Kia’s EV6 that was introduced just a few months ago has already managed to set a Guinness World Record. It took the record from the best electric vehicle (EV) manufacturer in the world, Tesla, by covering more miles on a lesser charge than the Tesla Model S.

After being charged for almost seven hours and ten minutes, the EV6 made history by traveling 4635.7 km (2,880.5 miles) from New York City to Los Angeles in just over seven days.

The South Korean automaker has notably smashed the record of an EV traveling across the United States by nearly five hours as the Tesla Model S was plugged in for 12 hours, 48 minutes, and 19 seconds for the trip.

EV6 is an exceptional mid-sized crossover EV and definitely one of the best vehicles in terms of its charging speed and practicality. It can be plugged in at DC fast-charging points with the rate of up to 350kW, as Kia claims that EV6 is capable of adding 80.4672 km (50 miles) of range within just five minutes, and the battery pack can be charged from 10 to 80 percent within 18 minutes.

Kia’s Vice President of Marketing, Russel Wager, remarked that:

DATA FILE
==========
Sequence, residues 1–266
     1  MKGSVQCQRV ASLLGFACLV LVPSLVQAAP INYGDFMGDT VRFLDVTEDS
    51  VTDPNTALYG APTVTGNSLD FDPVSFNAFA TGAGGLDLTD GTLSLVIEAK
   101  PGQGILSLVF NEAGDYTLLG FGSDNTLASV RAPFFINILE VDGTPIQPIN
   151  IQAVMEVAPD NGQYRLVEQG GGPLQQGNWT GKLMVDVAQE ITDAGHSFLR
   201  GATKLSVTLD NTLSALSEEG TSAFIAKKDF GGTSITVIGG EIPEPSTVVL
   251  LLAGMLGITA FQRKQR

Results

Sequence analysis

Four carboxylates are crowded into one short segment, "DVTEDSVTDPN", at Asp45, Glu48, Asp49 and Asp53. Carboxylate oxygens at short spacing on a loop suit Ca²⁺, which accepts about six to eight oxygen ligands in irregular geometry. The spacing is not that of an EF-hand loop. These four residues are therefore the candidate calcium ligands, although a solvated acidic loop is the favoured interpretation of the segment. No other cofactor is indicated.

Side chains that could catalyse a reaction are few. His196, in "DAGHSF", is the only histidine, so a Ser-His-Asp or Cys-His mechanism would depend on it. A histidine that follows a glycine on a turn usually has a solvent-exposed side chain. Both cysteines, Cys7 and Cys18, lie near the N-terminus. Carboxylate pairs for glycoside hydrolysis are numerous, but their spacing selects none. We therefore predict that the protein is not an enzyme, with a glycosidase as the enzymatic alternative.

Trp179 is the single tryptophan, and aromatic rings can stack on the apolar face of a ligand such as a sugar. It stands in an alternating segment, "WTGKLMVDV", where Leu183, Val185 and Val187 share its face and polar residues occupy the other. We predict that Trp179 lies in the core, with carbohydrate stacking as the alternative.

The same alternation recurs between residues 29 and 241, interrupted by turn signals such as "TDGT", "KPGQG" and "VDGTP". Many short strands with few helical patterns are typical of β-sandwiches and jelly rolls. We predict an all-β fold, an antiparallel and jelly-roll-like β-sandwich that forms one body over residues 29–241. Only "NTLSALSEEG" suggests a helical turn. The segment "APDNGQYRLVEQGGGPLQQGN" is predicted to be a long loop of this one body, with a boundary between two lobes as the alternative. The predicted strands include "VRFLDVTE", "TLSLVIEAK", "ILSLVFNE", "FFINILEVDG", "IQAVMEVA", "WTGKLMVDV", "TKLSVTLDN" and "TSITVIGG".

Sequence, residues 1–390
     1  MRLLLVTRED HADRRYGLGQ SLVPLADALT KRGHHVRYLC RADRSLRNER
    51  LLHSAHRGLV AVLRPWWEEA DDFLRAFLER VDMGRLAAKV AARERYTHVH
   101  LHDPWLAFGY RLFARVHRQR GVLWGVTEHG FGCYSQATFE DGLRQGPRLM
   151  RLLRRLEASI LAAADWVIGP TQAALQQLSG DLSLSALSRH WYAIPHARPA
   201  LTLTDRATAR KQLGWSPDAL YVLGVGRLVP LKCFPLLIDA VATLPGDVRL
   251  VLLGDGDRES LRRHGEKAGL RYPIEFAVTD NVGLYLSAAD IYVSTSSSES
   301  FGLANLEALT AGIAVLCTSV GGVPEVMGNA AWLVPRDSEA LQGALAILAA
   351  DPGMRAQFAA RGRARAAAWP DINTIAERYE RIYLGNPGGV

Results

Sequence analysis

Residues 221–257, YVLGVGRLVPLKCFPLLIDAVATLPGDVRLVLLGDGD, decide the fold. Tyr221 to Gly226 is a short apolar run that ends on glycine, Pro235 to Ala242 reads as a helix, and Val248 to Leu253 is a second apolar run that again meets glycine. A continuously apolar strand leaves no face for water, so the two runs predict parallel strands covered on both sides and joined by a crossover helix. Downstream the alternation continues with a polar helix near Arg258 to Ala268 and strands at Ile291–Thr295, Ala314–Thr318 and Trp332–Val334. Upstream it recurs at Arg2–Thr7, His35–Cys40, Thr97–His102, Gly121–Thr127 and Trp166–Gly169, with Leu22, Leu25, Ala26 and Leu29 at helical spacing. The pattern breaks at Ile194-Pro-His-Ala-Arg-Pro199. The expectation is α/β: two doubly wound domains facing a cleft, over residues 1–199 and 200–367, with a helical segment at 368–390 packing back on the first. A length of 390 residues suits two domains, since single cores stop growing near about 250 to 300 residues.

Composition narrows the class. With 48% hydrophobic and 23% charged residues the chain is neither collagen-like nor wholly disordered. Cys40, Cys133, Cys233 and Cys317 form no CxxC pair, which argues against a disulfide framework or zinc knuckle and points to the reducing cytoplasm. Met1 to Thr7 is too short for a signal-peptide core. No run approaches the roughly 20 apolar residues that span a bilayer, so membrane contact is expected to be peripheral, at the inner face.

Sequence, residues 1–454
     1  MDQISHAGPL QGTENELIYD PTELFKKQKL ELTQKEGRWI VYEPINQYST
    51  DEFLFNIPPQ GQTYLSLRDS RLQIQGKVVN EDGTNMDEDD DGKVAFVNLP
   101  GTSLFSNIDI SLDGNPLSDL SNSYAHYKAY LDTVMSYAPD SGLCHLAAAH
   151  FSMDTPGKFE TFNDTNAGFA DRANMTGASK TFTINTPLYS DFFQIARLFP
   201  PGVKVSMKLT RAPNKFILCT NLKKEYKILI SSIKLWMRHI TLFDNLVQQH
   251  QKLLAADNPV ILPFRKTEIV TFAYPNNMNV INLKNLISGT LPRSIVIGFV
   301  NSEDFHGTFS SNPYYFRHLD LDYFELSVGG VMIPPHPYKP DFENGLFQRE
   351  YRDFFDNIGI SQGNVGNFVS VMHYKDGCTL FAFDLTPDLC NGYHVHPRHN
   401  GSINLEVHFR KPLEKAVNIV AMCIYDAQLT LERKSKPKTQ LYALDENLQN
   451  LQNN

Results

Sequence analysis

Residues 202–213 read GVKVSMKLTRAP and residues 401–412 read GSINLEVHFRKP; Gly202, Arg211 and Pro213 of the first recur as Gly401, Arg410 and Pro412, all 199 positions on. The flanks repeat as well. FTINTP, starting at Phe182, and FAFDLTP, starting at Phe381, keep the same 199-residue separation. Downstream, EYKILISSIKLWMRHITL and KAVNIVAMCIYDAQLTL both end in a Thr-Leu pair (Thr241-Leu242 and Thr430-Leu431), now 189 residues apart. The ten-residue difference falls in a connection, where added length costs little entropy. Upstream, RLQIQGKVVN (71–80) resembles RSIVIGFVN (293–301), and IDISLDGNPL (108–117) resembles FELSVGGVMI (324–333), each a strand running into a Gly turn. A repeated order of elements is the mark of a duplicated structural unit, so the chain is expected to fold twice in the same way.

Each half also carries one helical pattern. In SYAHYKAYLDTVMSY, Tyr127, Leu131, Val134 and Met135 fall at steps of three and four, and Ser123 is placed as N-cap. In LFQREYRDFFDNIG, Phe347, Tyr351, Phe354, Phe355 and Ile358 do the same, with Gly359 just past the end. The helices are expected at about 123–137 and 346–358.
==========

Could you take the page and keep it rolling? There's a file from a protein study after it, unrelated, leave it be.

The EV6’s record-setting run is the latest signal that Kia will be a leader in the popularization of EVs. All of Kia’s world-class engineering and experience in EVs will be applied in the move to electrification. The same attention to detail, design, quality, technology, and driving dynamics that Kia has become known for will be found in every new electric vehicle we bring to market.

This is Kia’s first vehicle introduced under its Plan S strategy that was announced on 14 January 2020, which is aimed at establishing a leading position in the future automotive industry.

EV6 has also been awarded the product carbon footprint certification along with the ‘Carbon Measured’ label from global climate change and sustainability consultancy, the Carbon Trust, making it the first Korean automaker to get this qualification.

In light of the dramatic shift in the EV industry, Kia recently announced its plan to introduce its fourth vehicle ‘Carens’ in the Indian market rather than introducing it worldwide.